Category Archives: murder

Loss of a Fine Crime Novelist: age 94

Standard

Famed detective crime novelist, P. D. James passed away peacefully

in Oxford, England on Thursday. This was in America, Thanksgiving

Day- Phyllis Dorothy James White lived from August 3, 1920 until

November 27, 2014. I had always been fascinated by Phyllis’ personal

life details. She had some similar paths which I had taken, eldest of

three children and having been on her own for quite some time. Her

husband, Ernest C.B. White and she had married while she was 22

years’ old, so had I.

From her father’s civil servant position, to my father’s government

job, the differences became much more apparent when she grew up

to age 16. Phyllis left school at the Cambridge High School for Girls,

choosing jobs at hospitals. When her husband went off to join the

war, (WW II) she had children. The obituary says she had two girls

along with several grandchildren and great-grandchildren.

I had just mentioned to someone in my comments’ section that P.D.

James had re-imagined a sequel to the wonderful “Pride and Prejudice,”

with Jane Austen’s characters, Elizabeth and Mr. Darcy, having become

estranged from her sister and husband, they were arriving through the

woods to a Ball planned. Murder in the forest, led her sister’s husband

to be accused while Elizabeth worked on solving the mystery. This

was on PBS “Masterpiece Theater,” in October, I believe.

While Phyllis’ husband was a doctor, Phyllis became a medical

administrator with the National Health Services in England. Phyllis

took three years to write her first book, “Cover Her Face,” which may

make some take comfort in their own writing and publication pursuits.

Her next three crime novels, focused in on medical terminology, hospital

setting and procedures.  In 1963, “A Mind to Murder” had these medical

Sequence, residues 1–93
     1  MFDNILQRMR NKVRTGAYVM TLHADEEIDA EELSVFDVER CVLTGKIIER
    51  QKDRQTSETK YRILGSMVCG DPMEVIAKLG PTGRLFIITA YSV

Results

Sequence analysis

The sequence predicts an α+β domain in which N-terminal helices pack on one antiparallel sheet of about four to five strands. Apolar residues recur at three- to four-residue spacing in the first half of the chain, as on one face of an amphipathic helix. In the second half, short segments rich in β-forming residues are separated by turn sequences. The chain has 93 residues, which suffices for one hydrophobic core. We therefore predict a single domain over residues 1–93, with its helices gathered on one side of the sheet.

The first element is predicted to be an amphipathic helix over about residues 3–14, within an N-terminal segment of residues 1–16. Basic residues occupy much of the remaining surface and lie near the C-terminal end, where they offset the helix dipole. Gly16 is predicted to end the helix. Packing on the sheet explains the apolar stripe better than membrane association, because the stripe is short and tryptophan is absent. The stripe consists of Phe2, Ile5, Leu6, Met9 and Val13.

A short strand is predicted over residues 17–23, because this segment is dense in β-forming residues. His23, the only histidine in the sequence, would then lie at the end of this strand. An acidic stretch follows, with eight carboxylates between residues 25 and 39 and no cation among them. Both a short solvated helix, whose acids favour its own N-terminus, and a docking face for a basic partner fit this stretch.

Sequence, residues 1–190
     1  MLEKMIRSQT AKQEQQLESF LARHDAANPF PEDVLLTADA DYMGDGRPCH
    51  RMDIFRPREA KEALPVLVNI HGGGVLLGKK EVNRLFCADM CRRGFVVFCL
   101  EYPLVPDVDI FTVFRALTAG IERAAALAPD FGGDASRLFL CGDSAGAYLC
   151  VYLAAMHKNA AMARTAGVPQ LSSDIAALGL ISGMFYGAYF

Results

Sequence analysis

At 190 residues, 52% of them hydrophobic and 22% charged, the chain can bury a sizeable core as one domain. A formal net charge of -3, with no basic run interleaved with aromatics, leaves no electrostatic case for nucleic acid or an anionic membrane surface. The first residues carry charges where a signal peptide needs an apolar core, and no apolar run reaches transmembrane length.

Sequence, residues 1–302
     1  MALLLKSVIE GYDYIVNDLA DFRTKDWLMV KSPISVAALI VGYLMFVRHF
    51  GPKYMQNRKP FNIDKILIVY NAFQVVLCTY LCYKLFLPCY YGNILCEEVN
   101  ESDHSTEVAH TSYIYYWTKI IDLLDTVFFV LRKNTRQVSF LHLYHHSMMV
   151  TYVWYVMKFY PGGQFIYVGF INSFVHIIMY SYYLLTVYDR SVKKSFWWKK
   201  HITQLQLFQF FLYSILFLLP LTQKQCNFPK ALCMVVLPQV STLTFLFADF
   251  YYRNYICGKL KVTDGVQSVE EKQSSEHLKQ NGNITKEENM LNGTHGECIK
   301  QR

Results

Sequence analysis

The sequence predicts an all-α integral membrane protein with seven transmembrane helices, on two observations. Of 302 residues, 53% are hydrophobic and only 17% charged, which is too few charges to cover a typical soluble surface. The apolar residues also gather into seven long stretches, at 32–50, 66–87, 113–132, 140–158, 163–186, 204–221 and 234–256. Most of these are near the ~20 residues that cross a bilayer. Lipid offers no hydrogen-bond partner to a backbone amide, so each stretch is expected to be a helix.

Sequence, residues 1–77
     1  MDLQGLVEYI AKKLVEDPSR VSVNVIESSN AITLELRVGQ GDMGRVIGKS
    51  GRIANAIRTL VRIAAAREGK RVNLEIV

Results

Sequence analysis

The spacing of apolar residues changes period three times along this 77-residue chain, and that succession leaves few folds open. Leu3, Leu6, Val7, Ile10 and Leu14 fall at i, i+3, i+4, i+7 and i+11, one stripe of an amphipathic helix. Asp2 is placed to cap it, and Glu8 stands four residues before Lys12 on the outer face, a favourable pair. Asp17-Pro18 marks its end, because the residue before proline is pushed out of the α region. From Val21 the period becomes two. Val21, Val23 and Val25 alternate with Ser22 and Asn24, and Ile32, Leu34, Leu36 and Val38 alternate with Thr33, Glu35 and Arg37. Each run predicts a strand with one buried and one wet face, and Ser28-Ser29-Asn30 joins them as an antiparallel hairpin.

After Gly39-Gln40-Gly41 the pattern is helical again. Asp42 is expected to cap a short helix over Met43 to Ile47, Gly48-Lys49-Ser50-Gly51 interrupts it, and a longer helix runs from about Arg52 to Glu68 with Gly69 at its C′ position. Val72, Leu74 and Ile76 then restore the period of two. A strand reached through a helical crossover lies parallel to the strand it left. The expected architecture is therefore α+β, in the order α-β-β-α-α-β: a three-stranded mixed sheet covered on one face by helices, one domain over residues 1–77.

details, along with 1971, “Shroud for a Nightingale,” which had realistic

plot line, and the last medically based novel, “The Black Tower,” included

the hospital setting. Certainly, Phyllis D. James White utilized her 19

years of being an administrator to her advantage in crime-solving.

 

P.D. James wrote thirteen novels about murder and mystery, seven of

those books became part of “Mystery!” series episodes on PBS. Adam

Dalgliesh, her most familiar character, was a Detective of Scotland Yard.

His introspection and inner poet made this him a complex and intriguing

man.

When her husband, Ernest, died, she was only 44 years old and she spent

the next 50 years beloved by family but never remarrying.

 

We shall all be mourning the loss of P.D. James. We may be happy that

her life was filled with many years of successful parenting, writing along

with contributing to England’s National Health Service with her fine

even-handed administration.

 

A life well led, she included a sense of humor in her personal interviews.

P.D. James’ favorite line was that from childhood on, after hearing the

old Nursery Rhyme of,  “Humpty Dumpty sat on a wall, Humpty Dumpty

had a great fall. . .” Phyllis said, “When I first heard that Humpty Dumpty

fell off the wall, I immediately wondered, ‘Did he fall or was he pushed?'”

 

How fortuitous, or showing quite some premonition, to the craft of her

morbid story-telling. P.D. James was one of my favorite female authors

who could draw me into her webs of complex characters and dynamic actions.

Her ability to continue pursuing learning, outside of schools, along with her

accomplishing so much after leaving academia at age 16, all make P.D. James

a fascinating woman who should motivate us all.

 

Murder with No Remains

Standard

Sometimes, despite all the pleasant thoughts of the day, we find ourselves contemplating

some dark and dangerous ones. I was so intrigued at work, watching my good friend and

coworker, Mark C. emptying the combustibles into certain designated large metal barrels.

These containers are sometimes full of gasoline type liquids, never to be mixed with other

ones. He wears a rather strange goggles contraption (a mask with a filter in place), helping

protect his lungs from gaseous vapors. Other containers have fluids taken from a variety of

damaged containers. Liquids that remove dirt and stains, flammable cleaning components,

along with others which are oil based. I have written a rather awful, atrocious story here.